Fish Conservation, Sustainable Fisheries, and Economic Growth: No More Fish Stories, Fisheries (2004)
What is the biggest challenge to fish conservation and sustainable fisheries in North America today? Certainly some of the leading candidates would be human population growth, habitat destruction, commercial fishing, dams and other water diversions, aquifer depletion, water pollution, and invasive species. In other words, as a recent U.S. President was fond of saying, “It’s the economy, stupid!” Read More.
Taking on the Economic Triangle! Frontiers in Ecology and the Environment (2004)
The Ecological Society of America (ESA) is devoted to ensuring “the appropriate use of ecological science in environmental decision making by enhancing communication between the ecological community and policy makers”. I argue that ecological science is appropriately and importantly used when it instills ecological principles into macroeconomic policy making. Read More.
Technological Progress and Biodiversity Conservation: a Dollar Spent a Dollar Burned, Conservation Biology (2003)
Biodiversity at all levels is important to the composition, structure, and functioning of ecosystems, and it provides many of the ecological services underpinning the human economy. Therefore, challenges to biodiversity conservation have become a major topic of academic and public debate. I have argued theoretically (Czech 2000 ) and empirically (Czech et al. 2000 ) that economic growth is the primary challenge to biodiversity conservation and ultimately to human economic sustainability. However, technological progress is proffered as a reconciler of economic growth and biodiversity conservation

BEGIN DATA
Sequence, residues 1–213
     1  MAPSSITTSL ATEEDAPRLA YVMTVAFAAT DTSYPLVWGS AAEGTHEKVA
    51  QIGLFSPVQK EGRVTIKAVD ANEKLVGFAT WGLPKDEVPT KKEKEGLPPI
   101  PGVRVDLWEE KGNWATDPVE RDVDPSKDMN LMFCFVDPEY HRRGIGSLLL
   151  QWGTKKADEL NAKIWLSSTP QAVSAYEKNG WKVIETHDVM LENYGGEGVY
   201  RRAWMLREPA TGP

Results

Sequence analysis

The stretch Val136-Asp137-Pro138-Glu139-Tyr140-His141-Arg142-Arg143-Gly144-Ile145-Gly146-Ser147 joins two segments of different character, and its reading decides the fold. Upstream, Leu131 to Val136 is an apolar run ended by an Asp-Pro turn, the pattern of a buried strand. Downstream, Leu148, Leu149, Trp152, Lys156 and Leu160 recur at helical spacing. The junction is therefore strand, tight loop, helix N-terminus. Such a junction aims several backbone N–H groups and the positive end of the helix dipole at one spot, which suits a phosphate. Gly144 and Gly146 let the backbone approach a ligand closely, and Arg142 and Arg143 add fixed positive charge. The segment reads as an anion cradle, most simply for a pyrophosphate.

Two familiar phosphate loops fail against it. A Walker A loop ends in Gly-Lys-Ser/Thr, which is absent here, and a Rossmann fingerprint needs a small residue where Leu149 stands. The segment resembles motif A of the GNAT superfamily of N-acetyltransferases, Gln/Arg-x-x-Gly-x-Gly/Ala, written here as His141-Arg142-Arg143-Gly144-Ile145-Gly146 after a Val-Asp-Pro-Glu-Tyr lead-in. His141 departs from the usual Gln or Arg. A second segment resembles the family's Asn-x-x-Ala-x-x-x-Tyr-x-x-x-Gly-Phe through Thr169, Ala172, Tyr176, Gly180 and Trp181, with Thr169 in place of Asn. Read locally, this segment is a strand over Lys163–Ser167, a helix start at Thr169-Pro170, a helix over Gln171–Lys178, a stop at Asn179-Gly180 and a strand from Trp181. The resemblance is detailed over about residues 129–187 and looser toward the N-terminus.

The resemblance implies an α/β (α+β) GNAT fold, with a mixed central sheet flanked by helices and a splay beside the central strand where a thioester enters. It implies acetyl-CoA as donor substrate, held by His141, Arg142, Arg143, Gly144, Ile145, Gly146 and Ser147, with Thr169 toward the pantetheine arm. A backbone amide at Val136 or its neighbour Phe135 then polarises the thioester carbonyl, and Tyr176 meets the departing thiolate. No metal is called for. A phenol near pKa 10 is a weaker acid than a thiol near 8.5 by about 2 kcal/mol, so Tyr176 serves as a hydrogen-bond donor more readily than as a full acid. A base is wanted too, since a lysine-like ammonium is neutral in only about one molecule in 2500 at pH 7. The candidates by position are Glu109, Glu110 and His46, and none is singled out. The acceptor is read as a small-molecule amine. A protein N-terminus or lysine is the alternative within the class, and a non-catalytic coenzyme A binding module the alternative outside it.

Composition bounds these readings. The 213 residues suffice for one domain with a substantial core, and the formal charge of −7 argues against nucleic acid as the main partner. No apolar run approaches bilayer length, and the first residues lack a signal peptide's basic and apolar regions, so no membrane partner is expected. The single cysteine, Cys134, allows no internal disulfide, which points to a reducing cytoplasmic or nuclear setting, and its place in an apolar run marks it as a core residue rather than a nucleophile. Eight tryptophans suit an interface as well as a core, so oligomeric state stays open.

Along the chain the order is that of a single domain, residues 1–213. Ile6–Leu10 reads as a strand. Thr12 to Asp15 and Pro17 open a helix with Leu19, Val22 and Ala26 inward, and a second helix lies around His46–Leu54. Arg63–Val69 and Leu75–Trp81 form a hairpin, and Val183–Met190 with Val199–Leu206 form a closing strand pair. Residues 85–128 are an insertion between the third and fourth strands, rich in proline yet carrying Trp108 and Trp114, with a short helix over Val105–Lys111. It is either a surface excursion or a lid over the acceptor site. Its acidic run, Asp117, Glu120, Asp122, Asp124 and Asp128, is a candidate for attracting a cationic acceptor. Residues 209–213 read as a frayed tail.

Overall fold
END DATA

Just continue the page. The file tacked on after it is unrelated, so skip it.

(Lomborg 2001). Read More.
The Imperative of Macroeconomics for Ecologists, Bioscience (2002)
Increasing human population and per capita consumption have been widely recognized as threats to ecological integrity. Therefore, one might expect economic growth (a function of increasing population and per capita consumption) to occupy center stage at ecological conferences, infuse the policy implications of ecological research, and shape the public education programs of ecological organizations. This would make the ecological professions much more relevant to society. After all, economic growth is ubiquitous in public dialogue; population and per capita consumption are not. Furthermore, in the middle of the policy arena is a massive table devoted to economic growth, while population and per capita consumption occupy some folding chairs in a dimly lit corner. Read More.
Economic Associations Among Causes of Species Endangerment in the United States, Bioscience (2000)
Scientific assessment of the causes of species endangerment is essential for formulating and implementing sound conservation policy. Under the Endangered Species Act (ESA), a species is listed as threatened or endangered only upon federal examination of its status, including the reasons for its demise (Rohlf 1989). Beyond the listing process, critical habitat designation and recovery planning require federal knowledge of endangerment causes. As a result of these requirements, information on species endangerment has consistently appeared in the Federal Register since the ESA was passed in 1973. Researchers rely on that body of information to assess patterns of species endangerment in the United States, yet surprisingly few studies have addressed the causes of species endangerment. Read More.
Bill Clinton’s Legacy: An Inconvenient Irony (2013)